Many kids dream of becoming veterinarians when they grow up, but most probably don’t consider their patients may eventually include bees.
Courtney Wallner, a senior insect science and pre-veterinary medicine co-major from near Chicago, is trying to change that.
Wallner decided to make the University of Nebraska–Lincoln her second home after falling in love with the campus. At the start of her freshman year, she knew she wanted to major in pre-veterinary medicine but was not sure of her precise career path. In a class one day, her professor announced that a colleague, Doug Golick, was looking for a student worker.
Wallner decided to email Golick, an associate professor of entomology with teaching and extension appointments. Wallner began working alongside Golick as a research assistant developing different computer design-aided insect shells to show students how different shells and shapes of insects can influence movement.
“I enjoyed the work I was doing there, I thought it was really interesting,” said Wallner. “I just felt like I had a place immediately.”
Alongside the work she was performing with Golick, Wallner also became a teaching assistant for the introduction to insect identification class.
In her second year working for Golick, Wallner worked in the East Campus pollinator garden and helped a graduate student with a project looking at native bee diversity on native plants in urban areas. When the graduate student was unable to speak at an event, Wallner did instead. She spent two days at Open Harvest, a co-operative grocery store in Lincoln, talking about native bees, their habitats and native bee health. That was all it took — she fell in love with extension and teaching others about bees.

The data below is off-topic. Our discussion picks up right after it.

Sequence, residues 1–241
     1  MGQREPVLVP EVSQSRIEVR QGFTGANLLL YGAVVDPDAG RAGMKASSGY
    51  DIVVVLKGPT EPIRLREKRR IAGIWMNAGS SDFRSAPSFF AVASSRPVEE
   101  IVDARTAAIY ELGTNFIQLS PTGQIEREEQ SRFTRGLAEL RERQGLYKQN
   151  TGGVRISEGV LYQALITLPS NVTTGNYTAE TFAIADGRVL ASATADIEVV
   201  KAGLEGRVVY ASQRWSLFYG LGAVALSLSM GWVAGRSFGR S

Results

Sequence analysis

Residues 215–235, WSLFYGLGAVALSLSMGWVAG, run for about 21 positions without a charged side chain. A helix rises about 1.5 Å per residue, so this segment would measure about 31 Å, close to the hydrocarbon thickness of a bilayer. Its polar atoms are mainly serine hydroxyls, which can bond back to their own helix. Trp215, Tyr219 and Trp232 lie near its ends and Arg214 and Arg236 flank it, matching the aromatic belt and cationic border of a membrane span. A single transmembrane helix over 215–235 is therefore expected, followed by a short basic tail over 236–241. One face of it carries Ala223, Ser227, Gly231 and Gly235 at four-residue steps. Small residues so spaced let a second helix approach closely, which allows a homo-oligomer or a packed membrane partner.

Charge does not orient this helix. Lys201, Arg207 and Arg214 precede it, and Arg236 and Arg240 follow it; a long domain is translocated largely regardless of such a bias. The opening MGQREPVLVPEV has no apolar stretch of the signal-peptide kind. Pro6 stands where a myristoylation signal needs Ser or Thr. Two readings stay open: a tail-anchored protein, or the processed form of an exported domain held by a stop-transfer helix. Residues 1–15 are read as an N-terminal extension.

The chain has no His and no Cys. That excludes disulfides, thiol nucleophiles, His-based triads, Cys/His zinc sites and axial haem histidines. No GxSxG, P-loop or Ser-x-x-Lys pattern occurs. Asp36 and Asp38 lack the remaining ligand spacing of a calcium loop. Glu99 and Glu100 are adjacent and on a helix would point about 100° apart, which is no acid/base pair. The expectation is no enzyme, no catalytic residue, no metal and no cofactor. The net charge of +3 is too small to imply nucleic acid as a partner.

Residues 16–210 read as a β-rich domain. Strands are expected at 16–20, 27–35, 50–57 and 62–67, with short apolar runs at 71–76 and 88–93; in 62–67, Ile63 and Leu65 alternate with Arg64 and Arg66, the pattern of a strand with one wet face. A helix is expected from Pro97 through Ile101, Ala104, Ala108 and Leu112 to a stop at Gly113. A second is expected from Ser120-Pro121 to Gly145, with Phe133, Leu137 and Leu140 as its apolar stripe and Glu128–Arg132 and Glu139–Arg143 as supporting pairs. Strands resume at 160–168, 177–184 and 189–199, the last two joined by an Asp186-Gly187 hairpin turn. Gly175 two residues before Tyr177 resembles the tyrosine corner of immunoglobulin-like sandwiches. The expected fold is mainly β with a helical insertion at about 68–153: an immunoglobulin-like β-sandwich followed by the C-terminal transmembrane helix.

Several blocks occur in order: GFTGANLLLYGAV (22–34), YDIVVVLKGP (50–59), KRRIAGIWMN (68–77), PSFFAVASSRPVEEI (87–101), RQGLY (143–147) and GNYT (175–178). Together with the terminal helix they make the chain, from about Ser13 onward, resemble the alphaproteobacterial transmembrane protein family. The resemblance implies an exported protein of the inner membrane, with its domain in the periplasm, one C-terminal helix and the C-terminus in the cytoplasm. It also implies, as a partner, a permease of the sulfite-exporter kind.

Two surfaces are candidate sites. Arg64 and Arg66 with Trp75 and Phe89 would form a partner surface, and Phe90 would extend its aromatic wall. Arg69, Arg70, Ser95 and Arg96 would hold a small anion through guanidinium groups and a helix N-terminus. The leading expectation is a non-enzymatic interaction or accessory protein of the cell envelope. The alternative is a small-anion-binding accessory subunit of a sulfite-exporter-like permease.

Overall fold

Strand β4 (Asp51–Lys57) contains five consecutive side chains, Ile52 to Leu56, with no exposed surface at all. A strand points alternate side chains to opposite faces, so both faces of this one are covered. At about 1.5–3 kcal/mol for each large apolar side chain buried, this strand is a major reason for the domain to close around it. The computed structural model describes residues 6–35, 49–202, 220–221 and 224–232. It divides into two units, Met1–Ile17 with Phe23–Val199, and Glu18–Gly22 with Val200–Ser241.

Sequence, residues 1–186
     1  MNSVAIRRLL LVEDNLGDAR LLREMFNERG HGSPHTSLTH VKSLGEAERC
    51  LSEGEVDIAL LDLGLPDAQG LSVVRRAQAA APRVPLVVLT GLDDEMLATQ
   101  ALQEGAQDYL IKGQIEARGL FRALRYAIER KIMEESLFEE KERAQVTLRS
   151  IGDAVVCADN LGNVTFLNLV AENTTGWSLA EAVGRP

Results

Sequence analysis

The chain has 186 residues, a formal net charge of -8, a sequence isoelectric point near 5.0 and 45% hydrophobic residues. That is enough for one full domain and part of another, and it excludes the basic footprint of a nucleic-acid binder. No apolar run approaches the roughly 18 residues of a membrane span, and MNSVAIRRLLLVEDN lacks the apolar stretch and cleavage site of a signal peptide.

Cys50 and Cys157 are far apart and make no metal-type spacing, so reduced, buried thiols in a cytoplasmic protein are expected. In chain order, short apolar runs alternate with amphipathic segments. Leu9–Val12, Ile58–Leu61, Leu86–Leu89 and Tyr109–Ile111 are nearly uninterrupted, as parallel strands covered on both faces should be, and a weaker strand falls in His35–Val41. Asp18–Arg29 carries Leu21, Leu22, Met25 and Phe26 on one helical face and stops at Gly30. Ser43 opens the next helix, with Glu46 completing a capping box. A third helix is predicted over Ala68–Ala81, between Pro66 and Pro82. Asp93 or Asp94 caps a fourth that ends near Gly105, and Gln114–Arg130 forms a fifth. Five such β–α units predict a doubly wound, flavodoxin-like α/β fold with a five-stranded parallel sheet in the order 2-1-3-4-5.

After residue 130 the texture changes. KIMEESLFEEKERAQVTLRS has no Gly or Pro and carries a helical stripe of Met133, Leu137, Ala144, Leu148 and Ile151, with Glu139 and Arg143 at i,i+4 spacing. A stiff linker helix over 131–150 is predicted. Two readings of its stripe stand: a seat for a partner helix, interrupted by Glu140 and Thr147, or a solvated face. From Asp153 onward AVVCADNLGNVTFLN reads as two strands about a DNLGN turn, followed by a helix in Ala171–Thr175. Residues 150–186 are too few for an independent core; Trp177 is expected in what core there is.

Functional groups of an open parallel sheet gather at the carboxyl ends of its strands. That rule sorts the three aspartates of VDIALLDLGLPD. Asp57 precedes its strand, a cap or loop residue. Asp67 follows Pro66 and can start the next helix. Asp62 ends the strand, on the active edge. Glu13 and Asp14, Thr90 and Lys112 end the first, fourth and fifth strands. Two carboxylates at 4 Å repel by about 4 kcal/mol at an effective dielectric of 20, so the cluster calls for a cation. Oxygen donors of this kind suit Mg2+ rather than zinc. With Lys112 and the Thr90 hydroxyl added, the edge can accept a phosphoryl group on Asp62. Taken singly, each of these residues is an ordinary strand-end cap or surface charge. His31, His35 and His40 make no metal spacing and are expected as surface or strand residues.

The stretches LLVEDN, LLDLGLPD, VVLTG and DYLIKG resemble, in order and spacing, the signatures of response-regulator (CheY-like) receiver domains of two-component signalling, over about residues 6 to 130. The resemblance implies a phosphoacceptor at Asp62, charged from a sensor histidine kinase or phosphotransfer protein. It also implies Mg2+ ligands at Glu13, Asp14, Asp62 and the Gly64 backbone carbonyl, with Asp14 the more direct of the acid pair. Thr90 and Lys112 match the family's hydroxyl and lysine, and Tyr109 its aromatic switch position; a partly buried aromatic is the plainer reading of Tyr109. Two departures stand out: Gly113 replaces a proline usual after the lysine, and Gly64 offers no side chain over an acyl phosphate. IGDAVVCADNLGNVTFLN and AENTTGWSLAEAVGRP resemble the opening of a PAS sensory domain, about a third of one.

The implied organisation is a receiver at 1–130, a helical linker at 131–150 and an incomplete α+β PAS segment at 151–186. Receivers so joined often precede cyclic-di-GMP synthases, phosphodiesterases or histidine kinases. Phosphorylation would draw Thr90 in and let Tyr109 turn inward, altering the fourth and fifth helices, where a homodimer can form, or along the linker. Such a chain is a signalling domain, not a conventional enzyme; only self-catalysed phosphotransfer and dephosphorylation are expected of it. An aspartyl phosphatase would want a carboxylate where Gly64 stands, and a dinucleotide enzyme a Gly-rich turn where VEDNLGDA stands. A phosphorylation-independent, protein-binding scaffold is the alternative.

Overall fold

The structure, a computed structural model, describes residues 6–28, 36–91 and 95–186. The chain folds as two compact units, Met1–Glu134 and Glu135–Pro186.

During this time, Wallner started thinking about pursuing veterinary care for insects. She got involved in veterinary care for insects and conservation, specifically with the Salt Creek Tiger Beetle. However, after doing native bee keeping, she began to become more interested in keeping managed honeybees. She learned that honeybees are classified as food-producing animals, yet few veterinary services exist for bees. Wallner decided to investigate why that was.
Wallner participated in the university’s Undergraduate Creative Activities and Research Experience program, which provides students with funding to perform their own research. Her project entails surveying American veterinarians on their knowledge of bees, what is preventing them from working with bees, and whether they think there is a future of honeybee medicine in American veterinary medicine. By learning more about American veterinarians’ perspectives, Wallner hopes to understand what the future of bee veterinary care might look like.
As she approaches her graduation from Nebraska, Wallner will retire the titles of teaching assistant, research assistant, outreach participant and undergraduate entomology student and gain the title of veterinary school student at the Cummings School of Veterinary Medicine at Tufts University in North Grafton, Massachusetts. She hopes to continue in the areas of curriculum development and teaching.
“This department has been absolutely instrumental in my success and I will attribute almost all of it entirely to that department specifically,” Wallner said. “I 100% think if I wasn’t part of the entomology department, I wouldn’t have gotten into vet school at all.”